Senator Bob Graham, on the Senate Intelligence Committee, makes a number of stunning accusations in his new book.5 He argues that Bush has refused to hold certain nations who aided the terrorists accountable. It emerges that the FBI had an informer, Abdussattar Shaikh, who had important information linking the Saudi government to financing two of the 9/11 hijackers while they lived in San Diego. The FBI, at the behest of the Bush Administration, however, refused a subpoena for the man. Graham writes, “It was as if the president’s loyalty lay more with Saudi Arabia than with America’s safety.” Now why would the Bush Administration block Congressional and FBI investigations into Saudi terrorism links? It couldn’t possibly have anything to do with the Bush family fortune built on Saudi oil and capital, now could it?

“I don’t think Al Jazeera would, on a bad day, have transmitted anything so utterly propagandistic. You would also be led to think that the term “civilian casualty” had not even been in the Iraqi vocabulary until March 2003. I remember asking Moore at Telluride if he was or was not a pacifist. He would not give a straight answer then, and he doesn’t now, either. I’ll just say that the “insurgent” side is presented in this film as justifiably outraged, whereas the 30-year record of Baathist war crimes and repression and aggression is not mentioned once. (Actually, that’s not quite right. It is briefly mentioned but only, and smarmily, because of the bad period when Washington preferred Saddam to the likewise unmentioned Ayatollah Khomeini.)”

Hitchens complains that Moore doesn’t detail Saddam’s litany of crimes in the movie. Is it possible that someone, perhaps a visitor from Betelgeuse, has not heard that Saddam was a roguish fellow? The movie, however, is a critique of the Bush Administration’s lies, derring-do propaganda, crony capitalism, and the exploitation of 9/11 to invade a country that had nothing whatsoever to do with 9/11.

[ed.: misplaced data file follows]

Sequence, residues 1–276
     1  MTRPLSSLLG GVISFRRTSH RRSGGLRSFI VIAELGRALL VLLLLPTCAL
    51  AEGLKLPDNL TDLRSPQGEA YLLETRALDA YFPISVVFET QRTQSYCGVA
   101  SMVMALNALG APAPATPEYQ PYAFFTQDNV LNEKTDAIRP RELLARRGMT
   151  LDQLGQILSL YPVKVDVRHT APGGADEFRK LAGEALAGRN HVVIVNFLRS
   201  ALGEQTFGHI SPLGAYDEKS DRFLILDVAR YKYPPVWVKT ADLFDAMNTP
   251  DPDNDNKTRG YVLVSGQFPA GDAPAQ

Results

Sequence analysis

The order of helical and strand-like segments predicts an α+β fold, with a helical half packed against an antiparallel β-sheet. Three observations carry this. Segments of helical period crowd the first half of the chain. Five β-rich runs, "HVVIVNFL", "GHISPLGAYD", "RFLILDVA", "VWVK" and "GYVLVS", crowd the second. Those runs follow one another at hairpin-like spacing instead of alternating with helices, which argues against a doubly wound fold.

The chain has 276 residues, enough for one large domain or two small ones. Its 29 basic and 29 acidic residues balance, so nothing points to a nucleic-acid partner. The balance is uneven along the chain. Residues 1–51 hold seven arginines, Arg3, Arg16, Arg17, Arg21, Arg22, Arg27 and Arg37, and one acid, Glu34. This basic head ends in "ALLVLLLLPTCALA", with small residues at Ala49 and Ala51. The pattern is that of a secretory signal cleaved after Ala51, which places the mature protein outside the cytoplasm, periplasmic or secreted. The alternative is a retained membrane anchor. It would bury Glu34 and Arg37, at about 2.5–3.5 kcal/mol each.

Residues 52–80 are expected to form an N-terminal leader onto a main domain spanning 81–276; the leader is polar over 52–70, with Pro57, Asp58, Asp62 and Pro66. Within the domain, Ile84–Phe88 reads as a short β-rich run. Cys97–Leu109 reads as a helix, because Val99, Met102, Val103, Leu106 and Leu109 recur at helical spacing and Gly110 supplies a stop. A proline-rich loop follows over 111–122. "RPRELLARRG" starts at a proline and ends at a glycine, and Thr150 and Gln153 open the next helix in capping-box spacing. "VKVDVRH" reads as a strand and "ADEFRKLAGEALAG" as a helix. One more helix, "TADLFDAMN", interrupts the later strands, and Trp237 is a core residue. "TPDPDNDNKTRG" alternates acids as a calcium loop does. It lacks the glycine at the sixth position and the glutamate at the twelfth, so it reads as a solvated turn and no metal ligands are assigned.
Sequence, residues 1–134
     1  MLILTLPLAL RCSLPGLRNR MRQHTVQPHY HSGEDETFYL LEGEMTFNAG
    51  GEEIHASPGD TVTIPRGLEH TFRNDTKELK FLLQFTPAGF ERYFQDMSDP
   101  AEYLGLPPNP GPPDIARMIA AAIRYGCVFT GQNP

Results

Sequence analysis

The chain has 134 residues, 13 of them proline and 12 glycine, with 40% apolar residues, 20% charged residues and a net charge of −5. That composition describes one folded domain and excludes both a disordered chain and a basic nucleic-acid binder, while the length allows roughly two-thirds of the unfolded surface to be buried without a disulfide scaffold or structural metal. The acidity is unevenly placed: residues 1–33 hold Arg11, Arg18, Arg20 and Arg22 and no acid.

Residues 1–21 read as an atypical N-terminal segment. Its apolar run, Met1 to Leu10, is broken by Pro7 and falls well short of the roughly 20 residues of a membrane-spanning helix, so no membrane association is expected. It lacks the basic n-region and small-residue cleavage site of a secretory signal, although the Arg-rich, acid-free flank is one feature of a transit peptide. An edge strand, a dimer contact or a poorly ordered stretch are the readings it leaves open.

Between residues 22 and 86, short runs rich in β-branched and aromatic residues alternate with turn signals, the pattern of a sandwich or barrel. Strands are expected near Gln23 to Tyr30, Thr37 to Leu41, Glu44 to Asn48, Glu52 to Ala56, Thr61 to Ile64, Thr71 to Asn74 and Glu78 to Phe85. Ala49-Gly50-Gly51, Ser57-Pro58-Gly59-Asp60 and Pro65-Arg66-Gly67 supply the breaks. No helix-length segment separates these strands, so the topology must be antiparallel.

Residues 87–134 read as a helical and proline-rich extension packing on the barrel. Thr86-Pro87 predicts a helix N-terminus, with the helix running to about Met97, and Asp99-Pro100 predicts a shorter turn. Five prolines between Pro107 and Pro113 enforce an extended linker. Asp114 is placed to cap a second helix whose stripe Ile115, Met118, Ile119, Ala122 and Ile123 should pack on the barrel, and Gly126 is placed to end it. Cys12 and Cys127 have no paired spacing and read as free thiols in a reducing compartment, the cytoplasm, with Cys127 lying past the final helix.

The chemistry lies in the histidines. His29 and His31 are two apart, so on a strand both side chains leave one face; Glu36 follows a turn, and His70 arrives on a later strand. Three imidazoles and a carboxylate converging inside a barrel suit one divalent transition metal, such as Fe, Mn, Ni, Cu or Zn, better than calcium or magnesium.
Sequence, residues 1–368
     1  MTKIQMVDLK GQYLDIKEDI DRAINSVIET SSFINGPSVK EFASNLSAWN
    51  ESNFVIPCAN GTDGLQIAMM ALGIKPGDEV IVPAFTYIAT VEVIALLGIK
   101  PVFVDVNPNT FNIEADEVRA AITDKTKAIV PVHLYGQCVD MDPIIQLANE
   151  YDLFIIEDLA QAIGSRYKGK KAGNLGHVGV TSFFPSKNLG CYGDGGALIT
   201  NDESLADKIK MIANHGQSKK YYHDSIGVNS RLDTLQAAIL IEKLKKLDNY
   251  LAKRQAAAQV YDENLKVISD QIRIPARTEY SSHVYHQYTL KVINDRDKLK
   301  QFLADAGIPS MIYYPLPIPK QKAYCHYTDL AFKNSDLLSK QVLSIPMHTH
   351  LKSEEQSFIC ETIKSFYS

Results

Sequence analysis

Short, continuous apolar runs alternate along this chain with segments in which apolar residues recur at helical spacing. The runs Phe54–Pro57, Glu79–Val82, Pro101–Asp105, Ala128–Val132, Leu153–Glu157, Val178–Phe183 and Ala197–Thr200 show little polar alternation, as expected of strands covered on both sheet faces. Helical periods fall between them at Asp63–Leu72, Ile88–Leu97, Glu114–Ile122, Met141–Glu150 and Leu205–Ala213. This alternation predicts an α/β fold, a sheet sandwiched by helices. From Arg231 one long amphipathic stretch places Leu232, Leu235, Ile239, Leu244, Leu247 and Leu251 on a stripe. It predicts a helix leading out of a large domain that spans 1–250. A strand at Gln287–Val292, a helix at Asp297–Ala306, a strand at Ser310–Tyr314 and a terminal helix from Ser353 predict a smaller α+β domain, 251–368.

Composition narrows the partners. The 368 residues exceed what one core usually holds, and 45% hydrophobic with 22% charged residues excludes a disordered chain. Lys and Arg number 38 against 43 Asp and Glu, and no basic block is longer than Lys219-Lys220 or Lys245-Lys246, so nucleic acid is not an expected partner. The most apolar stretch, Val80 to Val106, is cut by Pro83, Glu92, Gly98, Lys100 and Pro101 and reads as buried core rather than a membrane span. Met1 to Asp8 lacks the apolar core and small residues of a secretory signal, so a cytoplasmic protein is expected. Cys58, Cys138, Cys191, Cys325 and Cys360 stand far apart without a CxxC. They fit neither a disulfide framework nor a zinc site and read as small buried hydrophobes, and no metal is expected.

For Hitchens, the lives lost on American soil are sacrosanct but the thousands of civilians killed in Afghanistan and the tens of thousands slaughtered in Iraq are of little consequence. With Hitchens as your Virgil, one might get the foggy notion that Washington had a brief “bad period” when Saddam was their chosen spear-carrier.


Inspired by Starship Enterprise? Photo by author October 1992

Futuristic Monument to Baathist Iraq

The intimate partnership between the U.S. and Saddam is a venerable one.  We have to take the way back time machine all the way to…1959. The Coasters had a hit with Poison Ivy, Chuck Berry was rockin’ with Back in the USA, and Elvis gave us One Night/I Got Stung. Saddam—signed, sealed, and delivered by the CIA—was part of a six-man hit squad picked to assassinate Prime Minister General Abd al-Karim Qasim. Saddam’s CIA handler was an Iraqi dentist.


Seated with delegates to an Afro-Asian Solidarity Meeting

Prime Minister Abd al-Karim Qasim, Baghdad 1958

Qasim had sinned by buying weapons from the Soviets and being soft on communists. The assassination was botched, perhaps by Saddam getting a twitchy trigger-finger, and Qasim was only wounded. Saddam, nicked by a bullet, made his way to Beirut where the CIA paid for his apartment and continued to train him. Their boy’s future was so bright he had to wear shades.6

One fascinating aspect of the Qasim photo is the casual attire of the women delegates. This could have been a scene from a 1950s Parisian cafe with only the military uniform warranting a second glance. When I visited Baghdad in 1992, the dress of many of the women in the city was Western and professional. They were encouraged to attend school and to enter challenging professions such as medicine. This era is clearly over.  The chaos and violence of the U.S. occupation has been the perfect breeding ground for religious fundamentalism and extremism.


Photo by the author -- taken from a video interview.

Iraqi Schoolgirl 1992